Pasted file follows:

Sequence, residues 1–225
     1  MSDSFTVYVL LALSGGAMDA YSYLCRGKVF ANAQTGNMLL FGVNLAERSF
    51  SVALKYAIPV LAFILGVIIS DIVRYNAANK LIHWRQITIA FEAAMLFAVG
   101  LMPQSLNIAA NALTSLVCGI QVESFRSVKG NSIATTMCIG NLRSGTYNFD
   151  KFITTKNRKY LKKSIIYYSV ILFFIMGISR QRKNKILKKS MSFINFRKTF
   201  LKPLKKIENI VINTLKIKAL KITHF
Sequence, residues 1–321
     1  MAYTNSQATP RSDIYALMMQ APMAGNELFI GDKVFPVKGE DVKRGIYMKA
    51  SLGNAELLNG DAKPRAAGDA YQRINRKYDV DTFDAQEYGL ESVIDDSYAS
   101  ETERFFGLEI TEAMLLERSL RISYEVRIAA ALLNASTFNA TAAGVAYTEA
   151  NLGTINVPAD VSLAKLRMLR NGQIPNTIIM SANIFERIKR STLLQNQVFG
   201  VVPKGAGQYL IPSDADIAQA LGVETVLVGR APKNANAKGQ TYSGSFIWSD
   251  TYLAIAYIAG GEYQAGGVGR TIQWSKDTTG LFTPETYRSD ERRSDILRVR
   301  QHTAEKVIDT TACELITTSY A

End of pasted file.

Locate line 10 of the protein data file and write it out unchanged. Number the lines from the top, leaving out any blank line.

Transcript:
   101  ETERFFGLEI TEAMLLERSL RISYEVRIAA ALLNASTFNA TAAGVAYTEA